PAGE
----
<p>Jon Hamm of 'Mad Men'</p>

Jon Hamm of 'Mad Men'

Credit: AMC

Listen: Firewall & Iceberg Podcast No. 26

Daniel Fienberg and Alan Sepinwall take their show on the road, with technologically problematic results

The

 
Happy Wednesday, Boys and Girls!
 
In this week's installment of Firewall & Iceberg, we learned a valuable lesson: Podcasting while driving without time or opportunity to technologically trouble-shoot is a big mistake. No, we didn't have an accident. No, we weren't arrested by the California Highway Patrol. No, we didn't accidentally shoot past our exit and end up in Mexico.
 
You know how we sometimes tell you the podcasts sound bad? This time we REALLY mean it. But  we'd already recorded 42 minutes (the recording cut off) in the car and it seemed like posting the podcast as-was captured... um... the spirit of our drive down to San Diego for Comic-Con? Regardless, Sepinwall sounds fine. He was holding the computer. I sound horrid. But hey... We go through a toll booth!
 
What did we discuss on the drive?
 
Comic-Con preview: 3:10 - 17:20
Spoiler-free "Mad Men" talk 17:20 - 28:15
"Undeclared" 28:20 - ???
 
Seriously, apologies for the sound quality. But we had the material. We figured we'd post it.
 
As always, you can subscribe to The Firewall & Iceberg Podcast over at the iTunes Store, where you can also rate us and comment on us. [Or you can always follow our RSS Feed.]
 
And here's this week's podcast...
<p>Ian McShane of Starz' 'Pillars of the Earth'</p>

Ian McShane of Starz' 'Pillars of the Earth'

Credit: Starz

TV Review: Starz' "Pillars of the Earth"

Resist the temptation to quit after five minutes or to compare this miniseries to 'Spartacus'
For a fairly vast legion of readers, Ken Follett's "The Pillars of the Earth" is a literary favorite. While I've read three or four Follett novels, I've missed/skipped/been-intimidated-by-the-sheer-size-of "Pillars of the Earth," so this isn't one of those reviews that's going to tell you how well your favorite characters/scenes/buttresses are depicted on the small screen. I can't tell you what's been changed, what plot points were taken directly from the book or what arcs make more sense spread out over 1000 pages rather than rushed over an eight-hour miniseries, premiering on Starz on Friday, July 23.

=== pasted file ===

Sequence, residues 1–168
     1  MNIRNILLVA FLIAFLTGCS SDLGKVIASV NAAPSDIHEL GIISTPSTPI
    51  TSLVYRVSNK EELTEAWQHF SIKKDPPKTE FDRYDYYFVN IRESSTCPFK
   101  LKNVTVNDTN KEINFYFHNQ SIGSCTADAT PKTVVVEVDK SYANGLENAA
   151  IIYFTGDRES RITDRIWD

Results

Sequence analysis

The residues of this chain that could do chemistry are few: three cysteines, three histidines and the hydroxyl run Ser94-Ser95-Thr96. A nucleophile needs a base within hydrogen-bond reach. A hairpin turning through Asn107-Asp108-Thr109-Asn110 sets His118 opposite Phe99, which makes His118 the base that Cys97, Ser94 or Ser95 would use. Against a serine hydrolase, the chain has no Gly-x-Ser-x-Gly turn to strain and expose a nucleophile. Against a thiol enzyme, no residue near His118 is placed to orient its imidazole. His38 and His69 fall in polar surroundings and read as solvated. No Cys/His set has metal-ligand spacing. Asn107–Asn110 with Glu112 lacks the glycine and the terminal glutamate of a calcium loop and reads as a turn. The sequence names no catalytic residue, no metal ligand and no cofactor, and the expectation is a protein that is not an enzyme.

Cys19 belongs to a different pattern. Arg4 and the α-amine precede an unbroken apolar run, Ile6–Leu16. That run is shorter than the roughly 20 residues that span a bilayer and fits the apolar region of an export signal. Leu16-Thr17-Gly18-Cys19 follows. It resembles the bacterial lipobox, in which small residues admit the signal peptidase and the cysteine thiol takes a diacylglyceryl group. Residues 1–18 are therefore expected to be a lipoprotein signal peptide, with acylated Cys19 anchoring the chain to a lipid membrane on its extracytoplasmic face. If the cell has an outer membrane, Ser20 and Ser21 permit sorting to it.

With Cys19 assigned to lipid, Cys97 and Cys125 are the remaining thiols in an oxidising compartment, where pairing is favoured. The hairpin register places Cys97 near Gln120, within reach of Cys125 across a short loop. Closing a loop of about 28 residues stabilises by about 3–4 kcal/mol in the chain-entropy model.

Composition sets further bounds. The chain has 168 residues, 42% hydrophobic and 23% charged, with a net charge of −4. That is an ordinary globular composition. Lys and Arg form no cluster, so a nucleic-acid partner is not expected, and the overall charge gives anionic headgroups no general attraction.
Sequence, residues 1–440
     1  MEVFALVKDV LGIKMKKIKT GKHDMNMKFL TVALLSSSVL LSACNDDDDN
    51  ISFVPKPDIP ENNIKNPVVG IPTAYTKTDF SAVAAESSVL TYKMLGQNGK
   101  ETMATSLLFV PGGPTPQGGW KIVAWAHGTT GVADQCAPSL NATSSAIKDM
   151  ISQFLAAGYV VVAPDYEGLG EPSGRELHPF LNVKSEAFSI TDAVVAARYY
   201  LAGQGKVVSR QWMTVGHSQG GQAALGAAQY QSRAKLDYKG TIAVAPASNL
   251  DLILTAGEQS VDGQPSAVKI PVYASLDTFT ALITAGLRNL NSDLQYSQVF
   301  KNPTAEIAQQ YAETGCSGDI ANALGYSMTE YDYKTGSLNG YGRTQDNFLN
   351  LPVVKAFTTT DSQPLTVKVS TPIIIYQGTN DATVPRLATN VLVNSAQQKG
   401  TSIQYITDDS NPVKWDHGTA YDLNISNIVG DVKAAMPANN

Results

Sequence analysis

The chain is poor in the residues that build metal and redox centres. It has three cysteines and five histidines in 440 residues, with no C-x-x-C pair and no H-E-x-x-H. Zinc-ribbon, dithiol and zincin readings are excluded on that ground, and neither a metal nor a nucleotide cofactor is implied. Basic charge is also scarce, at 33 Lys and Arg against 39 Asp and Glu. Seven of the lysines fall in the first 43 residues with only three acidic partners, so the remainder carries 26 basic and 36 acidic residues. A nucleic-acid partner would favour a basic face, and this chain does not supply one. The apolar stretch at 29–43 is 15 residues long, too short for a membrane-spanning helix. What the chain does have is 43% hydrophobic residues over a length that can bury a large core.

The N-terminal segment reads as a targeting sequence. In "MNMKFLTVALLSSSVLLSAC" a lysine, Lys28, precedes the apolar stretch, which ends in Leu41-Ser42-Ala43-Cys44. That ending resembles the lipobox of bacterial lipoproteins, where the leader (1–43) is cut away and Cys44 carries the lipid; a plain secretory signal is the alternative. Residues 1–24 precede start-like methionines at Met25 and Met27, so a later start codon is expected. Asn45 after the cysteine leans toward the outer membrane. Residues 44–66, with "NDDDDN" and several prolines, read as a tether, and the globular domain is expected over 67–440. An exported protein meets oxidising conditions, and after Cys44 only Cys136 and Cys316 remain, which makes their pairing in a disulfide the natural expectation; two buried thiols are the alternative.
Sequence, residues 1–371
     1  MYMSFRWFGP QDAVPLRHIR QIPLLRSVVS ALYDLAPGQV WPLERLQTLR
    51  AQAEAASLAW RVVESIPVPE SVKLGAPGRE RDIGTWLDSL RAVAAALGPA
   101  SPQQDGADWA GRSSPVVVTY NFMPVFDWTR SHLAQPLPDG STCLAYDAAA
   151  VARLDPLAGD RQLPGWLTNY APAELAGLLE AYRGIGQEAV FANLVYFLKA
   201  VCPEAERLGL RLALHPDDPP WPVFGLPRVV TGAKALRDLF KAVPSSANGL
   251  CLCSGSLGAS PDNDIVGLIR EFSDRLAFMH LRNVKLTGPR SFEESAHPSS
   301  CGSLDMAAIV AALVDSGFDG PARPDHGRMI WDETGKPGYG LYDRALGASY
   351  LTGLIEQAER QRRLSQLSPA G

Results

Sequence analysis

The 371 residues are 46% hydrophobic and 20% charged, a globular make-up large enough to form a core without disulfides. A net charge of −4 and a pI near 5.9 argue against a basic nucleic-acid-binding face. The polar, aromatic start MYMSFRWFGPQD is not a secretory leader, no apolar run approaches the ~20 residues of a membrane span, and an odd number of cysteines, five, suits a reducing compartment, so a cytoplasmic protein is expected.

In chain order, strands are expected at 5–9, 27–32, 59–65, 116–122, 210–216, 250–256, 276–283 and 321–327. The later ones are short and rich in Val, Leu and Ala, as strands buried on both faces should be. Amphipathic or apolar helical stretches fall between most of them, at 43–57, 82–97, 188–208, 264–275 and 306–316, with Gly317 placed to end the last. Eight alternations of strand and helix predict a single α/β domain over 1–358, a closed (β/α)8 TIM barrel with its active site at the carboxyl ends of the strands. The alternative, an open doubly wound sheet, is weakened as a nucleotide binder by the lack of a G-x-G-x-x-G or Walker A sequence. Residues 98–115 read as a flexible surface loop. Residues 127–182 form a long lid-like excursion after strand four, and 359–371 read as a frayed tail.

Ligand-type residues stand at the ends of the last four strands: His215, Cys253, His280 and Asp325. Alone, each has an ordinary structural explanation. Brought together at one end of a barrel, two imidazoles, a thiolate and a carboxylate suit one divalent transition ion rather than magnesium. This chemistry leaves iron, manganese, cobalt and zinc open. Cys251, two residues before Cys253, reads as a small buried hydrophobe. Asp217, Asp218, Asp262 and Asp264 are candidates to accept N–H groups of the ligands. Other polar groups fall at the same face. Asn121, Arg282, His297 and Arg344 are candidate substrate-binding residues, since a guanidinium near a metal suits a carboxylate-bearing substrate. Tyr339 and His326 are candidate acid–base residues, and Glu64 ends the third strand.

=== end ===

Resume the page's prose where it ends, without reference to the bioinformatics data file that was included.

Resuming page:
What I can tell you is that I nearly ejected my DVD for "Pillars of the Earth" after 10 minutes. It's an epic endeavor and if I've started to yell "Monty Python and the Holy Grail" lines at the screen -- "I thought we were an autonomous collective!" -- after only two or three scenes there's no way I'm making it through eight hours. And, in the early going, "Pillars of the Earth" doesn't put its best foot forward.
 
Seemingly embracing the grit-and-grime of its 1120 AD beginning, the miniseries offers only so-so production values and the inevitable spectacle of Fine British Actors (and the occasional American or Canadian actor doing an accent) in scruffy facial hair and caked in stage-dirt initially plays all-too-close to parody.
 
I persisted for three reasons: The first being that Sepinwall already made it clear he wasn't going to have the time or desire to watch. The second being that I'm a professional, darnit. And the third being that other professionals I respect had raved about the miniseries.
 
I'm mostly glad I did. "Pillars of the Earth" may start off shoddy and silly, but it picks up steam and after three or four hours, I was well and truly immersed in the world created by producers Tony and Ridley Scott, writer John Pielmeier and director Sergio Mimica-Gezzan. Then, of course, fatigue set in and by the last two hours, I was pretty much only watching because I had invested too much time not to see how the darned cathedral turned out. Since Starz is airing "Pillars" in one-hour weekly installments (after a two-hour premiere), it's possible that by parsing out the narrative over two months, that fatigue might be avoided.
 
Additional review-type thoughts on "Pillars of the Earth" after the break...
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<p>'Hellcats'</p>

'Hellcats'

Credit: The CW

Take Me to the Pilots '10: The CW's 'Hellcats'

The CW's new cheerleading series is silly and superficial, but also spunky

[As I've already mentioned, and will continue to mention each and every one of these posts that I do: This is *not* a review. Pilots change. Sometimes a lot. Often for the better. Sometimes for the worse. But they change. Actual reviews will be coming in September and perhaps October (and maybe midseason in some cases). This is, however, a brief gut reaction to not-for-air pilots.]

Show: "Hellcats," The CW
The Pitch: "'Glee' It On!" Or, more cryptically, "'Bring It On' meets 'The Paper Chase.'"